LEADERSHIP: In fall and spring terms, this desk is typically led by a sports editor and assistant sports editor. In summers, this desk is typically led by only a sports editor. Fall/spring editing duties are divided as editors see fit. An often successful method is to have reporters assigned to a particular editor to build a rapport and trust over time. 

STAFF: In fall and spring terms, this desk typically has one senior reporter, two junior reporters and interns as available. In summers, this desk typically has one senior reporter and interns as available. 

PLANNING: This desk should hold one meeting a week to plan the next two to three weeks of coverage beyond breaking news events or day reporting. Senior reporters have higher expectations in terms of hours logged and work produced. Organizationally, you need a master budget/calendar system for upcoming coverage as well as games and availabilities of teams that merit regular coverage. Those include every varsity sport offered at OU, and most heavily football, men’s basketball, women’s gymnastics and softball. For football, consider using our football playbook, a document built across five-plus seasons of football coverage best practices, as a foundation of your efforts. 

COMMUNICATION: Leaders of this desk should regularly check the main sports email, monitor key newsmakers’ social media accounts and read competitors like The Norman Transcript, The Oklahoman, SoonerScoop, The Athletic and others. Communication should be a blend of in-person where possible and in Slack for broader transparency and understanding throughout the sports editors and sports desk. Often, that manifests in a Slack channel for sports editors and another for the full sports desk, as well as beat-specific channels like football for sports with higher volumes of coverage. It’s especially important for sports editors to communicate and coordinate with editors of other desks when contemplating coverage that falls into gray areas of responsibility. It’s also imperative that sports editors ensure their staffers or themselves are consistently communicating with visual editors about coverage needs and possibilities as well as the process of securing season-long credentials, which the sports editor typically handles.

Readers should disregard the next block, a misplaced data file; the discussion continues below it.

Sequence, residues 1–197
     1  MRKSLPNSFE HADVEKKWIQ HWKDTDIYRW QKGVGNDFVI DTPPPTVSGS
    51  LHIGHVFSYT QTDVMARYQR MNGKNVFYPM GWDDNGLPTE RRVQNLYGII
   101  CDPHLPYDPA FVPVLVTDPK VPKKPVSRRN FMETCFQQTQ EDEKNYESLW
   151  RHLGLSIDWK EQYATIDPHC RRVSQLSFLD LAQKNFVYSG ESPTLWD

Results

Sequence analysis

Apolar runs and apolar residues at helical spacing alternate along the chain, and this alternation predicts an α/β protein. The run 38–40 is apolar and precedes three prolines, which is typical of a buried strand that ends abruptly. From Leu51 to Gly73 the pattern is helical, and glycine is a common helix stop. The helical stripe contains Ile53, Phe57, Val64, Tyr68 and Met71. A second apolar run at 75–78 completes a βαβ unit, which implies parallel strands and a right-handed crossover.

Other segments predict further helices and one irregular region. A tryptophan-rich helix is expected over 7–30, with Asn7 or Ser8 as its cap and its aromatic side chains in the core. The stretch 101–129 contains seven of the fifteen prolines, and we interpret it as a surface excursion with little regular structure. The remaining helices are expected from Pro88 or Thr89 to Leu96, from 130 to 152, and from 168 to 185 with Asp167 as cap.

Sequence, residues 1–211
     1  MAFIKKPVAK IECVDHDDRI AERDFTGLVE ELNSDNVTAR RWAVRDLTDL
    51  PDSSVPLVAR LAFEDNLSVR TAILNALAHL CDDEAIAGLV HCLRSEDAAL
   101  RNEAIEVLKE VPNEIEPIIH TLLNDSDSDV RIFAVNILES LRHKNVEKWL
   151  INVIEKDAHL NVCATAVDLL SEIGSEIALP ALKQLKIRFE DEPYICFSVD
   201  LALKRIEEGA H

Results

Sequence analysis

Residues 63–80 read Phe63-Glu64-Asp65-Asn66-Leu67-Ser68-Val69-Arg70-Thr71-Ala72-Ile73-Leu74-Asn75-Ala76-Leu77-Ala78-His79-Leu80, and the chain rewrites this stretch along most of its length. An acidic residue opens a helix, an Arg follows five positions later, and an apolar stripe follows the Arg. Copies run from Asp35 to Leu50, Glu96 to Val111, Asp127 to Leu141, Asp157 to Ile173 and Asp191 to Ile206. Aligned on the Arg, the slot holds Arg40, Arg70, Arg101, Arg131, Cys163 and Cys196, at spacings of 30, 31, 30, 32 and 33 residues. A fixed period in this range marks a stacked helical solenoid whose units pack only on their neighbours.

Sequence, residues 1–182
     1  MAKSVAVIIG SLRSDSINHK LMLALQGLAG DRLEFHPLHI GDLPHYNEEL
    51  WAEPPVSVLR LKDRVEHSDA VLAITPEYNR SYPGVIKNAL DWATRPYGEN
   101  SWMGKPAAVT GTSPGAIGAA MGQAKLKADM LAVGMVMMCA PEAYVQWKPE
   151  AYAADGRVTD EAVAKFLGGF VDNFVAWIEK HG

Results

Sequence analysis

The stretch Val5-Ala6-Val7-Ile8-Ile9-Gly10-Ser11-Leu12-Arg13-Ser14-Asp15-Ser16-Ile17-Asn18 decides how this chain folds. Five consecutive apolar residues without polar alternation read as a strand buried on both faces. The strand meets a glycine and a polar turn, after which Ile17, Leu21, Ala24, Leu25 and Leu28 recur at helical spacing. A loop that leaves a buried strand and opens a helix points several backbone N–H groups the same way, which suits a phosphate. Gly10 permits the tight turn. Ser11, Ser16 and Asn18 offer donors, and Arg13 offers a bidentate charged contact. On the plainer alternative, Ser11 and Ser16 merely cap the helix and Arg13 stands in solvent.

MINDSET: The most successful sports desks are on their toes, actively seeking out news, rather than ones on their heels, waiting for news releases and press conferences. Additionally, editors should keep in mind the varied audiences – on campus, in the city/state and beyond – our work can serve.  

DAILY REPORTING: These are commonly called “day reporting” shifts in our newsroom, or “general assignment” in others. It’s a coverage that develops and needs to be fully covered in a single day, or some instances be handled immediately. Assignments like this include schedule/broadcast updates, game results, regular availabilities, in addition to news of prominent personnel moves. For game days, in particular, consider The Athletic’s game coverage guide when thinking beyond traditional game stories.

FULL STORIES AND ENTERPRISE: These are pieces worked on for longer periods – multiple days, if not weeks or more – that add deeper value to our news report. Be they news or features, these are longer and more rigorous to produce in terms of sourcing, word count, general complexity, etc. They are must-reads that provide our audience deeper value on our core topics than our competitors often might, and they also are the types of pieces hiring editors want to see in candidates’ portfolios.